Monday, October 13, 2008

Repeat After Me: Ridding Your Writing of Repetition

It sneaks up on you. Even if you don't notice, others will. John McCain gave us a perfect (verbal) example in the October 9 presidential debate: "my friends." Is there a comic - or blogger - who has not spoofed McCain's repetition?

So maybe McCain is an extreme example, but it is easy to overuse a word or a description without realizing it. In a writing class, my instructor pointed out that I had written the phrase "you're so silly" in dialogue four times over six pages. How did I miss that?

Another example from my own work was that I repeated the word refrigerator in a scene where this kitchen appliance was being repossessed. So then I tried substituting with the descriptive phrase "avocado-colored rectangular box." That didn't work at all! My scene finally improved when I restructured my sentences so that I wasn't so dependant on one word.

Repetitive word use can kill good work in any type of writing - from novels to memoir to press releases. One of the most over used words ever in press releases is "excited." How many times have you read "XYZ Company is excited to announce..."?

What you can do to avoid this:
  • Have friends read your writing. This may seem like a no-brainer but it works. People who know you well may be able to catch your favorite oft-repeated phrases (like "awesome" or "that's funny") if they spill into your writing.
  • Have people you don't know well read your work. Some of the best writing buddies I have are not "friends." We love working together but it helps that we don't share the intimate details of our daily lives. It makes for good perspective-giving.
  • Read your work out loud. It's amazing what you can catch with your own ears. I recently met a writer who had nearly lost his voice because he'd spent the last two full days reading his manuscript aloud.
  • Trust your editor. If you work with or hire an editor, trust that he or she is there to help your writing be its best -- and has the skill to help you avoid "my friends."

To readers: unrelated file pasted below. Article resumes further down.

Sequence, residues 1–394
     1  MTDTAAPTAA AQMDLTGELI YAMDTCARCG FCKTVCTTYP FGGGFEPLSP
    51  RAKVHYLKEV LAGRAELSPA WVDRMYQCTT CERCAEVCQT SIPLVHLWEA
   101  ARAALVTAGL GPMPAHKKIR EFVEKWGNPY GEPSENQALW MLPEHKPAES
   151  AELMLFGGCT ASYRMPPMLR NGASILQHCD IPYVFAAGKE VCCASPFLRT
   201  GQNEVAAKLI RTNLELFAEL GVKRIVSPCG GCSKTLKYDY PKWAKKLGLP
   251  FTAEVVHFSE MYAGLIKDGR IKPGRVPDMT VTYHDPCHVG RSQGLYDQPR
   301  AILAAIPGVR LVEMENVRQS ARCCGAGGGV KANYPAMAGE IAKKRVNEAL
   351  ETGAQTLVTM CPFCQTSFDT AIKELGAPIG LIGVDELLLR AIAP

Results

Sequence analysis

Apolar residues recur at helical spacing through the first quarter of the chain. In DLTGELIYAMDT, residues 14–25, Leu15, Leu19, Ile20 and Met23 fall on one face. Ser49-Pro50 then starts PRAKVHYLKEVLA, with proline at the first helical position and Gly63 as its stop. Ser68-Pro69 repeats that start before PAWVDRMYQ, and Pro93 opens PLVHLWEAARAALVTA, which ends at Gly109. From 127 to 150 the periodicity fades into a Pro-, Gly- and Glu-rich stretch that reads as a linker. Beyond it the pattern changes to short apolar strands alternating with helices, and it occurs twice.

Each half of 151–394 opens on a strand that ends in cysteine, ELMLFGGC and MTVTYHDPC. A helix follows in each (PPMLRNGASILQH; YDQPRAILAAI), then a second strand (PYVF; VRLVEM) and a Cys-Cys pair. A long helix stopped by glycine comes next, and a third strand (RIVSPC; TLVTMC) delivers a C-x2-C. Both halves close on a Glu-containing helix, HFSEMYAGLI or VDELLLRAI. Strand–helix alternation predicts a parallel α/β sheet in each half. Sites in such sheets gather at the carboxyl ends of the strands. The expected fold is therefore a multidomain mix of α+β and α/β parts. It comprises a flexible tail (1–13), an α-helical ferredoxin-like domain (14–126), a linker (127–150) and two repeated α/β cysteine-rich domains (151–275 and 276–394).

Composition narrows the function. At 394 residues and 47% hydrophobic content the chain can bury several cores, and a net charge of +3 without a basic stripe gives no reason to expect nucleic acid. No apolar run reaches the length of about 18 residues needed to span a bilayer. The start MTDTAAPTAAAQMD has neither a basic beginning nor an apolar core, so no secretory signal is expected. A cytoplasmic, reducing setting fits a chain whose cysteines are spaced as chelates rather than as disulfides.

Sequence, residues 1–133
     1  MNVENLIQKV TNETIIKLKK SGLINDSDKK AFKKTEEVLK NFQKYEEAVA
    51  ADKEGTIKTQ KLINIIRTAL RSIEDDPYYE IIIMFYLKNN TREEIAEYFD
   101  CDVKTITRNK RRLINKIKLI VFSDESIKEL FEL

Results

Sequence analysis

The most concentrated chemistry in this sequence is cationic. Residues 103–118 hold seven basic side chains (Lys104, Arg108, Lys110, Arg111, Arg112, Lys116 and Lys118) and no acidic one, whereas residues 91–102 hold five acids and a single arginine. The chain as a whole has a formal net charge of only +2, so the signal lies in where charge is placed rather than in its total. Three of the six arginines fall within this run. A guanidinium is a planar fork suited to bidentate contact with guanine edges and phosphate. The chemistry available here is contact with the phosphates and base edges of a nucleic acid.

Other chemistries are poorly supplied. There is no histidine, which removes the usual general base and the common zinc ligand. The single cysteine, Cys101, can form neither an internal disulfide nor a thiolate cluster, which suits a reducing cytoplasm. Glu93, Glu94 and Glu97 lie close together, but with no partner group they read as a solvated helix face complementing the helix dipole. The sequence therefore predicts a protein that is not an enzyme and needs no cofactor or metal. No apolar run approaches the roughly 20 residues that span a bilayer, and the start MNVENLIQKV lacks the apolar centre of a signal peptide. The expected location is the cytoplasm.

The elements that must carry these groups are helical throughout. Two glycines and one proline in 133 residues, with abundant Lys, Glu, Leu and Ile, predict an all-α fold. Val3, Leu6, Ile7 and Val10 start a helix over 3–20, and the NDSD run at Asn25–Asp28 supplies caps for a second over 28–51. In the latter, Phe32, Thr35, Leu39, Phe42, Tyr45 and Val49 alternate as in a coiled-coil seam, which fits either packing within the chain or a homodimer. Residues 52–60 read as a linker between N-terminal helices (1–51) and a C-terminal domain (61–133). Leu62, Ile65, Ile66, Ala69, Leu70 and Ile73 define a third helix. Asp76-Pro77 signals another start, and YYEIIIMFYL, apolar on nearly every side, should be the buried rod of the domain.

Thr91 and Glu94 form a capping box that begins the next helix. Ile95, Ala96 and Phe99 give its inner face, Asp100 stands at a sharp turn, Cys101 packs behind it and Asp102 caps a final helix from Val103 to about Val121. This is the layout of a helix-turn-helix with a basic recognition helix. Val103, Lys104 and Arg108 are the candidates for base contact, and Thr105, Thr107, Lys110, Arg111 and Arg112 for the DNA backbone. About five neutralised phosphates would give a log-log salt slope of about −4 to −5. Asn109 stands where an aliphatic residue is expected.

Jesaka Long is a writer and editor for a coffee company by day and dedicates her non-cubicle hours to freelancing and pursuing her publishing goals. For more, check out her website and follow her on Twitter.

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  1. Jesaka,
    It's so much easier to recognize when someone else is repeating pet phrases than it is to recognize when we do it ourselves!

  2. Good advice Jesaka.

    Once or twice, I've read my work outloud, recorded it, then listened back.

  3. Here's another trick I use to ferret out these duplicates...the search function!

    If I get a sense of repetition, I enter the word or phrase into the example box and hit FIND. Usually I go all the way through just to get an idea of how many there are, then go through again and change some of them.

  4. Good premiere post, Jesaka. Look forward to reading more of your tips.

    Must go tweet, tweet, tweet now. ;)


  5. I do searches for certain words that I know I repeat.
    Then I replace them with something fresher.

  6. Great tips, Jesaka. I love reading my work out loud. I'm always surprised by the crazy things I catch that way.

  7. Thanks for all the extra tips - these are some great ideas. I love using the Word search function and recording yourself reading your writing. I'm not the biggest fan of my voice, but that's my issue. :)

  8. I like to print out my manuscript after it's done because it's easier to spot when I repeat phrases or words.

    Critiques like at my Chicago-North RWA meetings also help enormously.

    Morgan Mandel

  9. Catching repeated words is the most difficult aspect of self-editing. They can really sneak under the radar. This post has given me the idea to start making a list of words I tend to repeat and then use that to search through anything I write.


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